Jared has not been a pastor for quite as long as Pastor Martin – who has? – but has also written a book that will encourage many beat-up pastors. It’s less immediately practical than Al Martin’s book, but Jared’s aim is the long-term application of Gospel truths to the minister’s life and work. It continues in the rich vein of many Gospel-centered books that have come out over recent years, with this one being specifically focused on applying the Gospel to pastors. I especially enjoyed the biographical examples that helped demonstrate how Jared has practiced what he’s preaching in this book. If I was a discouraged and struggling pastor, I’d buy both of these books, Martin’s and Wilson’s, and read them together for a holistic approach to pastoral challenges. In fact, better still, buy them before you hit the wall.

Labor of loveA Labor of Love by Stephen Yuile
The puritan minister, George Swinnock, penned sixteen wishes, sixteen heartfelt desires for his own pastoral ministry. Stephen Yuile extracts the essence of these, sums them up in chapter headings such as “A Royal Ambassador,” “A Skilled Physician,” A Diligent Student,” etc., and expounds them over a few pages for a modern audience. He also includes a beautiful sermon by Swinnock on Acts 20, “The Pastor’s Farewell,” preached upon his departure from his own congregation. This is a more devotional book than the previous two, and would work well as part of a pastor’s daily devotional reading with each of the 16 chapters in part one being only a few pages in length.

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Losing is good for you
Whether your kid loves Little League or gymnastics, ask the program organizers this: “Which kids get awards?” If the answer is, “Everybody gets a trophy,” find another program.

Ask “What’s strong?” not “What’s wrong?”
“A study of people being videotaped while learning to bowl illustrates this nicely. Half of the group watched videotapes of their spares and strikes while the other half watched videos where they failed to knock all the pins down. When they bowled again later, the group who had watched the positive videos outperformed the other group significantly.”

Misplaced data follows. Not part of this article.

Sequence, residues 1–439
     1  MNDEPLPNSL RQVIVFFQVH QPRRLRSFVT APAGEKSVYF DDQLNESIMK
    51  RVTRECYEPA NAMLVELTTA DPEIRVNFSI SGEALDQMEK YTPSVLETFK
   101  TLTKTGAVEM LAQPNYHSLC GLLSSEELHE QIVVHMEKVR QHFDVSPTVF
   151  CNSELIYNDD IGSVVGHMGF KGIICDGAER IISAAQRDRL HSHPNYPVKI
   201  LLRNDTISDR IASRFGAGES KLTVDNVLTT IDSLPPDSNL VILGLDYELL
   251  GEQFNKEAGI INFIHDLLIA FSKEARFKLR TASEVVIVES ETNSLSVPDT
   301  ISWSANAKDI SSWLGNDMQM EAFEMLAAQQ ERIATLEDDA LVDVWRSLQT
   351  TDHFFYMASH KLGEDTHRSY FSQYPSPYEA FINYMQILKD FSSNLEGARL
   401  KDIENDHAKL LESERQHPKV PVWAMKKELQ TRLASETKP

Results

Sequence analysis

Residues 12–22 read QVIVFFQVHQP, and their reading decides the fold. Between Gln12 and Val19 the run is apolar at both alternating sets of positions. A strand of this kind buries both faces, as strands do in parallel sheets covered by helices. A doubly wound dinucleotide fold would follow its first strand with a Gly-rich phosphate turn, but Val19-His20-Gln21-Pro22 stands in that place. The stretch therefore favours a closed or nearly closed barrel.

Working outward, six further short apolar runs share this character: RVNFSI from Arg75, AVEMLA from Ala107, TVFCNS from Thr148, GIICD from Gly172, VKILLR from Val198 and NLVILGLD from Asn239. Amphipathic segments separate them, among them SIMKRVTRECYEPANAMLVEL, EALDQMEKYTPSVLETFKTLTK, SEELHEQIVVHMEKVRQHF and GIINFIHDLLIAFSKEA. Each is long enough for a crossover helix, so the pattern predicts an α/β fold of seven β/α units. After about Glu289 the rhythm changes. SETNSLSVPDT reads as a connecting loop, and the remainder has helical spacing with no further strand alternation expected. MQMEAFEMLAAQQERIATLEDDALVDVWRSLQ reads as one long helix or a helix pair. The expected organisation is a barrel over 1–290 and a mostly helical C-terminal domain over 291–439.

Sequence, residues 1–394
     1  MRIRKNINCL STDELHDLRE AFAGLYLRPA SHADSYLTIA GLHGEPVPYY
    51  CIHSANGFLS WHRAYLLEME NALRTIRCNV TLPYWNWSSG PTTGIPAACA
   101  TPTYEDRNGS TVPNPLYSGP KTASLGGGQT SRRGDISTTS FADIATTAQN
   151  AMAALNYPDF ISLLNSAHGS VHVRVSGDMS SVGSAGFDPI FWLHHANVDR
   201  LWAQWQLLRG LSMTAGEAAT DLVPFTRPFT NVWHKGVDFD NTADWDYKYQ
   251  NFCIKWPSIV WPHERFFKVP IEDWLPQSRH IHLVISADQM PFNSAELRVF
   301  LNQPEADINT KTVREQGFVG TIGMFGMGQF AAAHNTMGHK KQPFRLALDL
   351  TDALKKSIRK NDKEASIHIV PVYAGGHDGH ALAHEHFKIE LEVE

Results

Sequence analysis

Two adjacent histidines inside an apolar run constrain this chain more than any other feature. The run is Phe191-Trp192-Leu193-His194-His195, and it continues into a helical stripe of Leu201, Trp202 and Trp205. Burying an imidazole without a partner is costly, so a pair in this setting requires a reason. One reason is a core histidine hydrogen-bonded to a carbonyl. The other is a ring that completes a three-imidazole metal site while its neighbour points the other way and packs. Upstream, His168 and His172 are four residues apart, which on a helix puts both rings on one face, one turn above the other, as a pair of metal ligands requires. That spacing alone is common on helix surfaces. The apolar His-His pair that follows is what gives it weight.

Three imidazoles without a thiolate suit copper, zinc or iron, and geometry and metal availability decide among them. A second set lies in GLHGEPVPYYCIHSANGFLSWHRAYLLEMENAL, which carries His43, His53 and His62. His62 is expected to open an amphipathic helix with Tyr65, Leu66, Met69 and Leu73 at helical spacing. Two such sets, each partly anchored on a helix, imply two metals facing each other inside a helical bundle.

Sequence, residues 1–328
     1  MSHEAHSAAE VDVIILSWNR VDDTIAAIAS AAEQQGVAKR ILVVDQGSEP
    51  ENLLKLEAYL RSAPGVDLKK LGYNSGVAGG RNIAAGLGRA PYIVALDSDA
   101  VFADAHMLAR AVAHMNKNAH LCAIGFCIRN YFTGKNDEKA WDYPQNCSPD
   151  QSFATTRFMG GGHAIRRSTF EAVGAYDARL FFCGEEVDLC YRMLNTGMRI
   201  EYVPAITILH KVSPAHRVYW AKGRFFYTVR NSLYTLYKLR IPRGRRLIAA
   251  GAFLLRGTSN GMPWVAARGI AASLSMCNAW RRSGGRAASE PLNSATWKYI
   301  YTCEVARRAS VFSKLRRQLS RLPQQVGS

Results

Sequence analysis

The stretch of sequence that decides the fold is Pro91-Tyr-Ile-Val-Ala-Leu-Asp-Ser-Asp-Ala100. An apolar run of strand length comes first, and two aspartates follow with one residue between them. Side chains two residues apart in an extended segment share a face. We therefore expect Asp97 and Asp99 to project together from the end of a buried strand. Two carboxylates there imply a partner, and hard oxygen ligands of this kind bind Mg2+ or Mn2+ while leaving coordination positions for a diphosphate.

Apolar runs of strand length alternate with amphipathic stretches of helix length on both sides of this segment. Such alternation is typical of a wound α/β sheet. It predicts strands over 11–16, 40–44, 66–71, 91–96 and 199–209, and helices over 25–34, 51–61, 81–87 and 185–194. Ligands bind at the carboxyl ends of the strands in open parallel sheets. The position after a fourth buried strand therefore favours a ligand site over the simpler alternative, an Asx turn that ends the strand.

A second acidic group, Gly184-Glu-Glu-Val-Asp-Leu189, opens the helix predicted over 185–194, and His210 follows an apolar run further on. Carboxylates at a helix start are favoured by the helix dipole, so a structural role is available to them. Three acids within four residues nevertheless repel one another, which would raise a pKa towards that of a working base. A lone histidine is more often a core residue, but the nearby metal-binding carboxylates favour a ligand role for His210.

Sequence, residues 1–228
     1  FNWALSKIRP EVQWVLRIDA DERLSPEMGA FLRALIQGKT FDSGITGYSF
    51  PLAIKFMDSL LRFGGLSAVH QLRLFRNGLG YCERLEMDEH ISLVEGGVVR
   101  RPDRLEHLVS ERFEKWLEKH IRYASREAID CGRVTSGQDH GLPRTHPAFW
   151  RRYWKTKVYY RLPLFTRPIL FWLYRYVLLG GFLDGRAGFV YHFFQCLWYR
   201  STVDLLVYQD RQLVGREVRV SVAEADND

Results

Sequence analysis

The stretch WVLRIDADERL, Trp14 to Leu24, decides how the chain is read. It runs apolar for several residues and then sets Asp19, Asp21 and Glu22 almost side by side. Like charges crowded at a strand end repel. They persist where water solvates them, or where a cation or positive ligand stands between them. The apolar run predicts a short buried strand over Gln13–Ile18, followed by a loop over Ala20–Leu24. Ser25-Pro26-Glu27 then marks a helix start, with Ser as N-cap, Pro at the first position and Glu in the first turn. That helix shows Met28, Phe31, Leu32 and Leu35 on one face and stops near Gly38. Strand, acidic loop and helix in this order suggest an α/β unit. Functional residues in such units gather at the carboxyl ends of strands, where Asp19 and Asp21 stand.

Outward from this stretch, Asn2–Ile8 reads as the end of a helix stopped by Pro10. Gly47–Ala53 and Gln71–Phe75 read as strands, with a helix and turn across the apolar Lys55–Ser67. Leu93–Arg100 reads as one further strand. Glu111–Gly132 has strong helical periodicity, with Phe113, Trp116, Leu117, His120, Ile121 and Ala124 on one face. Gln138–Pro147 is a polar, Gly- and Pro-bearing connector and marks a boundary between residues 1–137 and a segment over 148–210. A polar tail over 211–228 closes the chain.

Adoption Plans
Some of you will remember praying for Martin Alan, the baby son of president, Steven Lee. Not only is Martin now doing really well, but the experience has inspired the Lees to adopt a Chinese baby girl with severe heart defects. It’s amazing how God can bring so much good out of so much pain.

Killing Jesus
Well worth reading Tim Challies’ review of a book that’s going to be much talked about in the next few months.

5 Reasons Christians Do Not Visit The Sick And Dying
“One of the most important tasks in a pastor’s ministry is one of the most neglected:  Going to hospitals to care for the sick and dying.  It has practically become a lost art in the younger generations of pastors.  Why is this?  Here are 5 of the most common reasons Christians do not go to hospitals and visit the sick and dying.”

PhD’s In Peril
Scary Infographic.

The Power of Preaching
Paul Wolfe’s testimony is something I hear again and again from those who have gone through great trial. He’s also written a great book, My God Is True, on the lessons he learned while suffering with cancer.

An Addendum to Crazy Busy?

I thoroughly enjoyed reading Kevin DeYoung’s new little book, Crazy Busy. It’s especially good in diagnosing the spiritual roots of the over-busyness or workaholism that many of us have a tendency to fall into. It’s also well-written – such an enjoyable read.

However, Tim Challies,  Aaron Armstrong, and others identified a weakness that I didn’t really pick up on when I read it, and it’s the book’s incompleteness. It’s lacking in practical remedies. And the one suggested, more quiet time with the Lord, just seems to add another to-do to the already endless list. It suggests that while the author has analyzed the problem, maybe he hasn’t yet discovered or lived the solution.

That could have been solved by Kevin telling us how he fixed the problem: how many things he stopped doing, how many things he said “No” to, how he decides what to say “Yes” to, and how he is managing that change.

However, although the book doesn’t take us to the finishing line, I did find that the wide-ranging, heart-searching diagnosis helped me to identify sins to be repented of that will, I hope, produce ongoing fruit in my life. That was invaluable.